1. ofutur's Avatar
    Meet HyperCat, the IoT specification delivered by a UK tech consortium, without BlackBerry-hypercat_logo.png
    Government investment drives UK lead in IoT
    Press release

    Interoperability is key with the Internet of Things and it seems the UK is making good progress defining a an open specification "that allows machines to work together over the Internet and for applications to discover and make sense of data automatically without human intervention". It is called HyperCat!

    The consortium of more than 40 UK-based tech companies, including ARM, BT, Intel and IBM have just delivered on the first phase of the initiative and AFAIK, BlackBerry is MIA. Of course, they can always follow the specs once it's set in stone, but it's always good to be part of the companies defining the standard if you eye a big piece of the market.
    Meet HyperCat, the IoT specification delivered by a UK tech consortium, without BlackBerry-hypercat.png
    The 8 Technology Strategy Board Clusters

    1. Distance (Internet of Schools Things)
    2. EyeHub
    3. IoT-Bay (an Interoperability Hub for IoT Services)
    4. i-MOVE (Internet of Moving Objects and Vehicles Ecosystem)
    5. International Airport
    6. OpenIoT
    7. Smart Streets
    8. Stride (Smart Transport IoT Data Ecosystem)



    And here is more information about the problem.
    Case study

    Their conclusions
    The most challenging aspect of this project was perhaps the sheer number of participants - each with their own platforms, technologies and use-cases. It would have been very easy to have become bogged-down in complexity or factionalised into different camps. That the project succeeded is a tribute to the enlightened self-interest shown by everyone, driven by a common desire to make a true Internet of Things market arrive as soon as possible by solving the “silo” problem.
    The large number of use-cases, and the breadth of academic talent available to consult with, allowed us to collaboratively design a solution which is elegant in its simplicity. It does not aim to solve the problems of interoperability at every level, but simply to solve the discovery problem, enabling market forces to then drive alignment on higher-level interoperability topics such as semantics, data formats and bindings.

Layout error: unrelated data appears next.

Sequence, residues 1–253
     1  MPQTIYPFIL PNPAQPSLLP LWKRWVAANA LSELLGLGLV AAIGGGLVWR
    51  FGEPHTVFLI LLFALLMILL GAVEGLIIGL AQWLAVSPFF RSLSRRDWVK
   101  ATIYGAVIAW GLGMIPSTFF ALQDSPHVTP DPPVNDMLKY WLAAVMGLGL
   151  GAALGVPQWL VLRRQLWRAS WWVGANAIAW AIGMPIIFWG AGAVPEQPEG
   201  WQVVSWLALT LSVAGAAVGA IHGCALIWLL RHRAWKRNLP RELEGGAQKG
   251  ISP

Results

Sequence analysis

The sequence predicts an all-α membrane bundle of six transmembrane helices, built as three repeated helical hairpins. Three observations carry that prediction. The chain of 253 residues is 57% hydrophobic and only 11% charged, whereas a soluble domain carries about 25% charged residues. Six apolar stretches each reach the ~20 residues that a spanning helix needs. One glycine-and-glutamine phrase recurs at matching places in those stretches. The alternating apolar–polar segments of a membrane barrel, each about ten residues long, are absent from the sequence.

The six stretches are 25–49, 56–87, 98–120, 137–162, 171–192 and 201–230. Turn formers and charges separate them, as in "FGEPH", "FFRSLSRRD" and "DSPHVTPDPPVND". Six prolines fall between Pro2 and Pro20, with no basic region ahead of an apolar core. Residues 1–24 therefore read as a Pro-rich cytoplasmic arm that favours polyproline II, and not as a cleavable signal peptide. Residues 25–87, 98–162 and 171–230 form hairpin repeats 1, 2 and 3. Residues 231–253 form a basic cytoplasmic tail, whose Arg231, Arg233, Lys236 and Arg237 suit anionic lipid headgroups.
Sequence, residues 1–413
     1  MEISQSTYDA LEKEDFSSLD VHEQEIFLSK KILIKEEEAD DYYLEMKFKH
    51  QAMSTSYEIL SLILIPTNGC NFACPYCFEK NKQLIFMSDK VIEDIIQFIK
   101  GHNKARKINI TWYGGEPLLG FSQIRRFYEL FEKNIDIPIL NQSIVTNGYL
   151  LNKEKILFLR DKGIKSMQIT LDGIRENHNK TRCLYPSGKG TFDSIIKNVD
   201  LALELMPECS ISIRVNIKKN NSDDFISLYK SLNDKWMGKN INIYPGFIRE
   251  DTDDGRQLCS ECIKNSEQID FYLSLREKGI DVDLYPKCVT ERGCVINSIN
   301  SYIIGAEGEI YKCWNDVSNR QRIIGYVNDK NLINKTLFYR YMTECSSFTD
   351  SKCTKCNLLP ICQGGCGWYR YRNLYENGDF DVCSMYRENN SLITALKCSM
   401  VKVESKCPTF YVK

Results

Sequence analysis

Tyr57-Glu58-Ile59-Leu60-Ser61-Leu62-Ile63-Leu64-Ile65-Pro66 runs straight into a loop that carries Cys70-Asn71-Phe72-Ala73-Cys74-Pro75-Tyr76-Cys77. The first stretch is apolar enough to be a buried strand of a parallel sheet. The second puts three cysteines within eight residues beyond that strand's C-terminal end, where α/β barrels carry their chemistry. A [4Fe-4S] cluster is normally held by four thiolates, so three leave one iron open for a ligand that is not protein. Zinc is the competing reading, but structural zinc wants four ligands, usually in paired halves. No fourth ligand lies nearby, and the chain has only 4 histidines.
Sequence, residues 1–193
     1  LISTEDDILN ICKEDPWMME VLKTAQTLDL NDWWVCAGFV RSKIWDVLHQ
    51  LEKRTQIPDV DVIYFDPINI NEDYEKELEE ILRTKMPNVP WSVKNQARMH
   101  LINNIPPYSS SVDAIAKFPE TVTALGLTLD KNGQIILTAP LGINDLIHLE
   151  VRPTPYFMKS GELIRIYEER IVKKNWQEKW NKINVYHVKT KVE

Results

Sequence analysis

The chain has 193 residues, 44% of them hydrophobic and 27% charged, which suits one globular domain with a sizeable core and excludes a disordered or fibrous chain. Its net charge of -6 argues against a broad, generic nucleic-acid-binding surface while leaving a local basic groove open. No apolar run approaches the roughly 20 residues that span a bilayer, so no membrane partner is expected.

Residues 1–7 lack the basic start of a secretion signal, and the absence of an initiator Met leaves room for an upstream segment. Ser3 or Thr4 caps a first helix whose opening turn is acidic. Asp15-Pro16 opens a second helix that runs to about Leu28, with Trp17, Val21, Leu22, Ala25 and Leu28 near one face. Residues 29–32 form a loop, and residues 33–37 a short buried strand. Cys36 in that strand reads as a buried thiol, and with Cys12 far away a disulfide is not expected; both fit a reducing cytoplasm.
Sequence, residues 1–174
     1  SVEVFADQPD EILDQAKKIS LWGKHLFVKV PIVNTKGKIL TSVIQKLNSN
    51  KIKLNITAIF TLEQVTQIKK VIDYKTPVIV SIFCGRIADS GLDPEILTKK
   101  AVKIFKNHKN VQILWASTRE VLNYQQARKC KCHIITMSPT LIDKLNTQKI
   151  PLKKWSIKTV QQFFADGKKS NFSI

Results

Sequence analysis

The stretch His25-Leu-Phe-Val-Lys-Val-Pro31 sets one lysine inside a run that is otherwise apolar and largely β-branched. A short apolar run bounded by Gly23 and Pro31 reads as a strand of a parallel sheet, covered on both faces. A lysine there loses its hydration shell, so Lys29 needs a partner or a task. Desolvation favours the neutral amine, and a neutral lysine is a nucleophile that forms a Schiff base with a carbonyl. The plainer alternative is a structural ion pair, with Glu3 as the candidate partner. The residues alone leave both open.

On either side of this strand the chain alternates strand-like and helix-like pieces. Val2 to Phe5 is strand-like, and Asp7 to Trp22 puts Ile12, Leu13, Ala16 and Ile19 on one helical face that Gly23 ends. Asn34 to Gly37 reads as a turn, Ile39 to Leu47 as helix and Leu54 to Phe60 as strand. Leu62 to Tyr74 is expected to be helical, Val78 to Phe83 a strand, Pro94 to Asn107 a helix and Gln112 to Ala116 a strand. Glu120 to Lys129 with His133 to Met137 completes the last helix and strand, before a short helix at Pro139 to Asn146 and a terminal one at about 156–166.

Last edited by ofutur; 06-27-14 at 12:02 PM.
    06-27-14 11:34 AM
  2. m1kr0's Avatar
    The absence of BlackBerry is mind boggling. I would love to hear BlackBerry's response (if any).

    Z10 STL100-1, OS 10.2.1.3247
    06-27-14 11:48 AM
  3. LostOnThePianoRoll's Avatar
    You can't see any of the names of the competition as well.. I totally expected Samsung, Google and Facebook to be on that board ..

    Posted via CB10 from my Z10STL100-1/10.3.0.700
    06-27-14 11:53 AM
  4. Sadsfan's Avatar
    Anything that involves BT will be overpriced and unreliable.
    ofutur likes this.
    06-27-14 11:57 AM
  5. ofutur's Avatar
    Just added the case study which helps better understand what the problem is

    Case study


    Their conclusions
    The most challenging aspect of this project was perhaps the sheer number of participants - each with their own platforms, technologies and use-cases. It would have been very easy to have become bogged-down in complexity or factionalised into different camps. That the project succeeded is a tribute to the enlightened self-interest shown by everyone, driven by a common desire to make a true Internet of Things market arrive as soon as possible by solving the “silo” problem.